In-Memory Computing, Boom or Bane for Storage?

  By Steve Willson, VP Technology Services EMEA at Violin Memory.

SQL 2014’s new in-memory computing takes several leaps forward in performance and control.
Application designers can now control what data is permanently staged in memory (thus reducing IO waits) and how machines compile the SQL code (for amazingly faster execution).  SQL 2014 also includes a new latchless locking mechanism (for the in-memory tables) that reduces inter-user transaction contention, allowing for increased concurrency. This is especially helpful as the number of users per system continues to grow.
So, with the data now in-memory, what does this mean for storage?

If we could hold all SQL Server data in-memory using server DRAM, performance would be amazing, servers would be well utilized, applications would fly – but the reality is businesses have requirements other than just performance.

  • Business data needs to be stored safely on a mature persistent media.
  • Business data needs to be accessed via multiple servers for high availability.
  • Systems need to scale over time.
  • Virtual machines need to migrate between servers.
  • New data is received and created constantly.
  • DRAM is a finite (and a relatively expensive) resource.
  • High DRAM memory models, require high processor counts, and can reduce server utilization.
  • Reporting systems can have a very large footprint (well beyond DRAM scaling limits)
  • Loading data into the system needs to be timely (evaporating maintenance windows)

These types of challenges demand a persistent storage solution that compliments the high performance of in-memory computing. In-memory database processing is enabled when the data can get into the system, be changed by the system and remain intact between events.

If an application can write 20x faster, then it will need a persistent storage system that can ingest sustained writes 20x faster. In-memory processing allows for the transaction to start immediately (the data is already in DRAM) but it still has to write the change to storage before it can complete (there’s still a transaction log).

To ensure that the new high powered performance engine in SQL 2014 is properly enabled, Microsoft has been working on the next generation of transport (SMB 3.0 & SMB Direct). By adding multi-channel, transparent failover and RDMA type features to SMB they have created a protocol that runs faster than block (fibre channel) for cheaper (IP networking like 10Gb, Infiniband, etc). It also, via UNC naming and SOFS (Scale-out File System), allows for the next generation of architecture where everything is referenced by shares (no more static NTFS LUNs or drive mapping), secured and controlled by Active Directory, scales and migrates live, monitored and provisioned by System Center and PowerShell and also includes favourite features like mirroring, compression, encryption, deduplication, etc.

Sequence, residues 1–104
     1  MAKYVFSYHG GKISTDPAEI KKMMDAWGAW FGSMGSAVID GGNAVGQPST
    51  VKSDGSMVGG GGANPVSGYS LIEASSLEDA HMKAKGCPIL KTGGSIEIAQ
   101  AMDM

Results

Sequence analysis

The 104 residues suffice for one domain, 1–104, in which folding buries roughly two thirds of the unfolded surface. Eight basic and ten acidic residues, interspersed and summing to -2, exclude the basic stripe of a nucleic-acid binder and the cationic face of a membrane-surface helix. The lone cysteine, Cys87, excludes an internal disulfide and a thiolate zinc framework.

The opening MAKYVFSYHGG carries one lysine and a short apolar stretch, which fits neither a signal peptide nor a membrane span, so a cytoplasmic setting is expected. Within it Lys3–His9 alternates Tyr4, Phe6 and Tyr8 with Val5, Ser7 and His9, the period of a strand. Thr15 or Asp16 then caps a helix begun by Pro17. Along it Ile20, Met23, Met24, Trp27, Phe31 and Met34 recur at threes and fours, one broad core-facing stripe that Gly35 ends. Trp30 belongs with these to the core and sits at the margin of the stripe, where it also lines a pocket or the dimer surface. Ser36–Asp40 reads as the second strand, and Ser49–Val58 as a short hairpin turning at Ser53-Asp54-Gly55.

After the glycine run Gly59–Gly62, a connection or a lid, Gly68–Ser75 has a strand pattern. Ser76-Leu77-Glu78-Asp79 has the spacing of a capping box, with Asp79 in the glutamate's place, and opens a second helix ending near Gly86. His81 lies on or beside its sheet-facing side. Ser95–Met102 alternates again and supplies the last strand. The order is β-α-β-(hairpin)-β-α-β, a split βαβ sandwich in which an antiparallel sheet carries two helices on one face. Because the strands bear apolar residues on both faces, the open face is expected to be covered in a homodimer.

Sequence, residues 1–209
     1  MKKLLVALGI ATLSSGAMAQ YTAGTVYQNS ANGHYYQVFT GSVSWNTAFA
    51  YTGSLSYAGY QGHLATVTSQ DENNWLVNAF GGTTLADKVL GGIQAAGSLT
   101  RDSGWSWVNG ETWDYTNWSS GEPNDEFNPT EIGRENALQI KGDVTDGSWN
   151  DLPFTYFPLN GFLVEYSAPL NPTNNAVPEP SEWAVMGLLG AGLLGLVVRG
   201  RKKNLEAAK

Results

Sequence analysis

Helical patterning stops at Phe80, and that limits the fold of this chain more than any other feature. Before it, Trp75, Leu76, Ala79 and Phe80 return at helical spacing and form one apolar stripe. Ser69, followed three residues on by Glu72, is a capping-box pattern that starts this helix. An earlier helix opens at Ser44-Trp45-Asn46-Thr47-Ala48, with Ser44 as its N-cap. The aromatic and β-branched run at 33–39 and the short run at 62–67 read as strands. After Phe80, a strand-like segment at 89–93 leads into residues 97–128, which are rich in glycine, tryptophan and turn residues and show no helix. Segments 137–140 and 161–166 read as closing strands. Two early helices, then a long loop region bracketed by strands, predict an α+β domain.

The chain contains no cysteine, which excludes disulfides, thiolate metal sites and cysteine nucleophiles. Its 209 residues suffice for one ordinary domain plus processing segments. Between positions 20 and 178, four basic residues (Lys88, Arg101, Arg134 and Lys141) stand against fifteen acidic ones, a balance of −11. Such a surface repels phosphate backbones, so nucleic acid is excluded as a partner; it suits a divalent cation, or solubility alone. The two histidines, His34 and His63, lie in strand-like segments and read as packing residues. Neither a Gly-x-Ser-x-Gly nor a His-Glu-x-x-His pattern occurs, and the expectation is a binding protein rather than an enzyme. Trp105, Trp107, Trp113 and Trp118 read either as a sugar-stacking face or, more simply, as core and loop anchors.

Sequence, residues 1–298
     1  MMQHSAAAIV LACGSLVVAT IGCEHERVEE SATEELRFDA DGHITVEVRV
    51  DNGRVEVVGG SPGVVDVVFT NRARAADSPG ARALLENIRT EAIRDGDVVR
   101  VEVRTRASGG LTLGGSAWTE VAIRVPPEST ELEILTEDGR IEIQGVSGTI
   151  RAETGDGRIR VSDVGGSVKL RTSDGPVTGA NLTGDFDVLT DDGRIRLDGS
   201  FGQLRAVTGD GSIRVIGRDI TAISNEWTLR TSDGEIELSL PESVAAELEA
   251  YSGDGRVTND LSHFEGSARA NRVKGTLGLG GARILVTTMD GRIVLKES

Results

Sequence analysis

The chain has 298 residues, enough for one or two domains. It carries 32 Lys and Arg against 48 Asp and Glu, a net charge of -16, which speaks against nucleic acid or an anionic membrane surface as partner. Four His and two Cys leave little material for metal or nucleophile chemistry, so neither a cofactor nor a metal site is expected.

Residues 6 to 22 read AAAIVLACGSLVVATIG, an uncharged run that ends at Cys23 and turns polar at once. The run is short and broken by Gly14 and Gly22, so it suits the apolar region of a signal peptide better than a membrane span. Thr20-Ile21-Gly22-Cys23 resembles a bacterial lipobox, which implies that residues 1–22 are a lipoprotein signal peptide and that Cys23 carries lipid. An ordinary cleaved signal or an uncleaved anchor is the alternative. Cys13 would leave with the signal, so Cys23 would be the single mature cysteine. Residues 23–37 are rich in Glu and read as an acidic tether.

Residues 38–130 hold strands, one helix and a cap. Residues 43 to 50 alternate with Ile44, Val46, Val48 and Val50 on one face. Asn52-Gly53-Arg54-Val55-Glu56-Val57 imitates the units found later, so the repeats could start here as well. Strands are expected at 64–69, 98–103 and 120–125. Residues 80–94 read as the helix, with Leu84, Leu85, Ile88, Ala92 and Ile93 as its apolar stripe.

IT departments are anything but one dimensional so Microsoft has been working with many partners to ensure that all classes of storage will work in the same ecosystem. For branch office kits, archive targets or moderate workloads there is the Cluster In a Box class of products and for high end performance systems (SQL, SharePoint, Hyper-V farms, custom applications, etc) there is all-flash arrays like the new Violin Memory Windows Flash Array (WFA). These all work off the same principle of Microsoft service to storage, operated by Windows Failover Clusters embedded inside of storage appliances. In the case of the WFA, Microsoft spent over a year tuning the kernel and I/O stack optimizing for the world’s fastest storage experience.

In-memory processing can now be enabled by a natively Windows-embedded storage appliance that allows for extreme write loads, high availability, scalability, reduced administration time and delivers the high speed data access to large reporting systems sitting next to the high end transactional systems. Storage is no longer the bottleneck keeping applications back and instead will empower the speeds of the new high performance engines like in SQL 2014.

Also check out our recent announcements on SQL Server 2014.

Did you find this article helpful? Let us know by commenting below, or reaching out to us via @TechNetUK.

Comments (0)

Skip to main content